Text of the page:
Mark Laita's project--completed over the course of seven years, and representing each of the lower 48 U.S. states--is a humanistic attempt to remind us that we're all brothers and sisters despite the vagaries of fate, and while it comes off as something of a gimmick, there's real photographic grandeur here as well. Each of these eight-by-ten-inch portraits comprises a diptych, contrasting or comparing two images--cowboy/indian, bank robber/lawman, beauty queen/topless dancer, and so on.
By and large, the conceptual template for Laita's portraits is Richard Avedon's "In the American West," that great portfolio of drifters and hardscrabble lives, photographed against neutral backdrops to emphasize their sheer selfhood and existential circumstance, and Laita is certainly up to the task. Many of these models had never had their portraits taken before, but they project powerfully under his direction, while his large-format compositions are lit gorgeously, to a burnished perfection.
Ultimately, though, the contrasts seem forced and obvious; does Laita really need to pair a buckskinned Colorado fur-trapper with a fur-coated New York socialite, or a trio of nuns in their pristine habits with a hard-bitten troika of Nevada prostitutes in their sleazy lingerie? By themselves, each of these images speaks well enough of existential choice, chance, and consequence. Indeed, it is sufficient to notice that the beaming, indefatigable Miss Iowa 2000, Theresa Uchtyil, is missing her left hand. It only gilds the lily to pair her with the stunningly whole topless dancer who clamps a bunch of dollar bills in her left hand and stares out with a vague sadness.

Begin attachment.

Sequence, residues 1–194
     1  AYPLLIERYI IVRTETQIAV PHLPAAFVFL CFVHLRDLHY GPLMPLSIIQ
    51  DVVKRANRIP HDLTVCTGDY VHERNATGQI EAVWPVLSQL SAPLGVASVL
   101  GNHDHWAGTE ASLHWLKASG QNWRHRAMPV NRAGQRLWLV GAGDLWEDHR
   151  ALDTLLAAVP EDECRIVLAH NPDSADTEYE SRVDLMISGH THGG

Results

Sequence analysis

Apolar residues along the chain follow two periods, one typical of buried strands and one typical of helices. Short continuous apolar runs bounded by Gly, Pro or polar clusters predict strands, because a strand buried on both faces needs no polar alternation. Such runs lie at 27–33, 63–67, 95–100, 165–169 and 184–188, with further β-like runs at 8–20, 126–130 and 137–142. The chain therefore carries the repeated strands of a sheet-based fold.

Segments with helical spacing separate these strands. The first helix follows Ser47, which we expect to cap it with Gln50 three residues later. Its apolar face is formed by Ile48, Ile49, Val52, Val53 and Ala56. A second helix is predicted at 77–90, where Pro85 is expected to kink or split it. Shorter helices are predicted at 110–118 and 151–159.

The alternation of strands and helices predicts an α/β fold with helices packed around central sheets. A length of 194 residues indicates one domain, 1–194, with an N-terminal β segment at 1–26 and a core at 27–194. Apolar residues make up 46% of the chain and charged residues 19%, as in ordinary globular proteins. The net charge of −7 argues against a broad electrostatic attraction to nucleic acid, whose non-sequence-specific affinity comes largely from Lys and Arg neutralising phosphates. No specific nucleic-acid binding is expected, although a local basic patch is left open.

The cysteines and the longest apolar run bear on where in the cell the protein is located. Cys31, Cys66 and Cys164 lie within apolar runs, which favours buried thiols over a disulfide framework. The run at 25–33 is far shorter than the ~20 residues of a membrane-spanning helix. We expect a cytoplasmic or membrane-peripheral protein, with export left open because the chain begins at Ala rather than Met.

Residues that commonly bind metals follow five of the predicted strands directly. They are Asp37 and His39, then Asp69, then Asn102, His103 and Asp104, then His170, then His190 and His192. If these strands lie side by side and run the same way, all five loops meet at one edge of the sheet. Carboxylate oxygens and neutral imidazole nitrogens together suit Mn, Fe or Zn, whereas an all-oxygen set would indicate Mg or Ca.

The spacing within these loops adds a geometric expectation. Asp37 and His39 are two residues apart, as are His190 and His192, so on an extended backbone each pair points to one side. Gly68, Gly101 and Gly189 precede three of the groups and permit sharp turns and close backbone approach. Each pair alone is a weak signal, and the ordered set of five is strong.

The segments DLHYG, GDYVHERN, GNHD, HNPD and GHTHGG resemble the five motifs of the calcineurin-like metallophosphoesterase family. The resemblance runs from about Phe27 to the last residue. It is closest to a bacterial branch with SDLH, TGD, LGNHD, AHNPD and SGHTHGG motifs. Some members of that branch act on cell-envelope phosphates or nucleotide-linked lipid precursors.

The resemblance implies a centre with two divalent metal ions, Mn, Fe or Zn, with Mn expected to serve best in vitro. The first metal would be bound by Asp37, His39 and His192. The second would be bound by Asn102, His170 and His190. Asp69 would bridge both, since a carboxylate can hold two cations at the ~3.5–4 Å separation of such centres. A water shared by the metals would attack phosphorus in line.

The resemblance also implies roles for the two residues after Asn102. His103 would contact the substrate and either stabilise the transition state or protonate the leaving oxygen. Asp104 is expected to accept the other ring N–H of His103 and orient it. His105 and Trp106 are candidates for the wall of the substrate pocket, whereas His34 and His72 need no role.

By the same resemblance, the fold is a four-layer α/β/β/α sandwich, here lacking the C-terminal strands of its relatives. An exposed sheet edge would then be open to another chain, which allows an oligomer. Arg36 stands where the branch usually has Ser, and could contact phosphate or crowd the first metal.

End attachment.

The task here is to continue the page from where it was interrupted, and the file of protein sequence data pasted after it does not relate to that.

And yet these portraits compel and provoke us, and a few exhibit a fine humorousness: a group of proud mariachis matched with a group of equally proud Elvis impersonators; plain Amish teenagers from Pennsylvania paired with accessorized punk teens from Hollywood; a Utah polygamist and his three wives offset by a Detroit pimp and his three prostitutes. Laita's aim is true as he seeks the common pulse that beats beneath our differences, and regardless of their situation or their social standing, his subjects are memorably, magnificently themselves.
Matt Damsker is an author and critic, who has written about photography and the arts for the Los Angeles Times, Hartford Courant, Philadelphia Bulletin, Rolling Stone magazine and other publications. His book, "Rock Voices", was published in 1981 by St. Martin's Press. His essay in the book, "Marcus Doyle: Night Vision" was published in the fall of 2005. He currently reviews books for U.S.A. Today.